Analysis - East Asia has been the region where the post-war aims of the US have been most effectively realised.
For the past seven decades, the so-called "Pax Americana" (American peace) has been the foundation of a huge increase in national wealth and standard of living.
Japan, South Korea, China and Taiwan have mostly put aside their political differences to pursue a common goal of economic growth.
But changes in Washington have brought changes in East Asia, where concerns over a continuing American commitment to its alliances has seen those political differences begin to rise to the surface again.
Most notably of course is North Korea, apparently developing before our eyes as an actual nuclear threat to the US.
But add to that an increasingly fractious relationship between Taiwan and China, and more vitally, Japan and China - tensions built on old animosity, but also concerns over what a disengaged US might mean.
Professor Toshihiro Nakayama is one of the world's foremost experts in Japan's foreign relations and the 2017 Sir Howard Kippenberger Chair in Strategic Studies at Victoria University of Wellington.
"We don't know where China is going," he told me during a visit to the country last week.
"Japan has to be sending a message that a China-centric order in East Asia is not desirable."
"If you look back in history there were never times when China and Japan were both ascendant ... one has always had the advantage over the other," he said.
"Now we see China in the ascendancy, and there is a tension there ... it can't be denied."
Japan is not often a feature of US election campaigns, but last year Mr Trump repeatedly criticised the country for "unfair" trade practices, and its apparent "free riding" on Uncle Sam in its military alliance.
Putting 'America First' was troubling to Tokyo, and Japanese PM Shinzo Abe went to Washington twice to front-foot Mr Trump and press the importance of the Japan-US Alliance as the cornerstone of the country's defence.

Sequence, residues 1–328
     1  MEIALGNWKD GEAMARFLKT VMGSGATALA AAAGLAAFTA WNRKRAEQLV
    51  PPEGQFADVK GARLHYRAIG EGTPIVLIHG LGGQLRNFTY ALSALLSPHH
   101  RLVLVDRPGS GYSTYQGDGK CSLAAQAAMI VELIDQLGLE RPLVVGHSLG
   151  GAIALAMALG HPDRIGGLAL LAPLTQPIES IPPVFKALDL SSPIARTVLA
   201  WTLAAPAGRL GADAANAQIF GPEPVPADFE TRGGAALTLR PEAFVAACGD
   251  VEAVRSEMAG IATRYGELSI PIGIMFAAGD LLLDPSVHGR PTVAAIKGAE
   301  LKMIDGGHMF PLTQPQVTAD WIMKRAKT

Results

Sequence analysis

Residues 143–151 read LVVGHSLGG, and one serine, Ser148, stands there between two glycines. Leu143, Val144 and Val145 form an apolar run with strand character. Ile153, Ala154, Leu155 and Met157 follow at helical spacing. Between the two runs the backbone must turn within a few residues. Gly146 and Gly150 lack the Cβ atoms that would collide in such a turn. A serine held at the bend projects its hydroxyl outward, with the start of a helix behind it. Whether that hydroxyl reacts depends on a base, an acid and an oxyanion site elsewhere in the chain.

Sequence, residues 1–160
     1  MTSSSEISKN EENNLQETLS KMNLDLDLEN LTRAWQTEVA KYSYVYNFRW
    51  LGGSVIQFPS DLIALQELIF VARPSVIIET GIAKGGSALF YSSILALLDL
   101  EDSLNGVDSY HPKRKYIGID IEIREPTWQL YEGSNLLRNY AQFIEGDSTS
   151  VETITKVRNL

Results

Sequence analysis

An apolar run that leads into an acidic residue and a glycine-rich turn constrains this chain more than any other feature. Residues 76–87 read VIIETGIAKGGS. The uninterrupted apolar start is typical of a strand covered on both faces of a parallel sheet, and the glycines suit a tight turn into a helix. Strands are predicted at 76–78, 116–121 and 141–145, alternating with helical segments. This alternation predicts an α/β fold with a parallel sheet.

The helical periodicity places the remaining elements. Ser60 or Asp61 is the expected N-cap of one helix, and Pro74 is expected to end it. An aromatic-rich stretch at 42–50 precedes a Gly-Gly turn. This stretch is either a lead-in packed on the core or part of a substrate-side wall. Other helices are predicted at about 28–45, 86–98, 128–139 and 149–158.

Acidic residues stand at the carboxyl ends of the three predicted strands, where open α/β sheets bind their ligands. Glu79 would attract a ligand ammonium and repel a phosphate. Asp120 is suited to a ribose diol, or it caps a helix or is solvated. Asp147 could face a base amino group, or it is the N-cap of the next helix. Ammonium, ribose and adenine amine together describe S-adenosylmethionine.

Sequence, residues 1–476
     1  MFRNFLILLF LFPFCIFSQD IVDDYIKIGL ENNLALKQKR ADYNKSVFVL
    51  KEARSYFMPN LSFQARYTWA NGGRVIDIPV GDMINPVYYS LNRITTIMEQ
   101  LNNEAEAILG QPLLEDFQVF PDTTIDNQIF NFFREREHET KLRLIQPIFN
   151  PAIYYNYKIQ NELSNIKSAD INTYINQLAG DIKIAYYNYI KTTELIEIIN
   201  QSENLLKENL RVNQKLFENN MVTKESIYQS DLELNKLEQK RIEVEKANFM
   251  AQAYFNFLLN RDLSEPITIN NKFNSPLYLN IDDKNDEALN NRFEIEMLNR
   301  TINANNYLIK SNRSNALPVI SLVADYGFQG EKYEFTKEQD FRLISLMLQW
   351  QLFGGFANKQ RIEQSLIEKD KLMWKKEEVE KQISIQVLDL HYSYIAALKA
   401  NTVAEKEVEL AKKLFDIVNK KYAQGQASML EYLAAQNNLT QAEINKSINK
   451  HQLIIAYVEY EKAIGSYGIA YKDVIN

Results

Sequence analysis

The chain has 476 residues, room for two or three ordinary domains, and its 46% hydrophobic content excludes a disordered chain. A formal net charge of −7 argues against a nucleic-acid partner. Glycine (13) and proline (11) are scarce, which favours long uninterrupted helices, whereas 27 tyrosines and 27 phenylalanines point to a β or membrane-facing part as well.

"Japan can't cope with China alone," said Professor Nakayama.
"No matter how we might wish to re-define our security role in the region
"We need a stable partner, and our choice must be to adapt to the US and its changes.
"European nations have lots of friends ... in East Asia we don't have a NATO, and we must emphasise what's important for Japan."
"We're against this China-centric order because it's not good for the region.
"Japan supports a liberal and open ruled-based order which has been good for many nations across Asia ... and that includes China," he said.
With the apparent failure of the TPP, Japan may now consider alternative regional trade agreements that include China but exclude the United States.
President Trump seems sure that the US can do very well with a series of bi-lateral trade agreements.
The situation remains unpredictable, and both Japan and China may face fundamental changes in the future if the US decides its America First interests are not served well in trade.
The impact on the economies of all three nations could be hugely negative, given the economic investment and trade connections between Japan and China.
Earlier this month, Japan announced it was beefing up its missile defence, moving to increase the military budget, and would "work more closely" with the US over the threat from North Korea.
But according to Professor Nakayama there remains concern that Japan could lose the ally that has been the bedrock of its security since the 1950s.
"China is the resident power in the region, that is a fact of geography," he said, "but the US is there as a fact of history, and its vital that Japan convince the US that it's in their interest to remain."
"Americans are a bit tired of global alliances and upholding regional order.
"But Japan understands it must convince the US it should remain a resident power of this region.
"Japan's national security policy is not about sophistication. It's about realism."
Professor Nakayama said if the America First theme of global disengagement continued in the 2020 and 2024 US elections, many countries in East Asia would end up developing a "Plan B".
"We would have no choice - and that move to "Plan B" may bring about a fundamental structural shift in international relations in this region."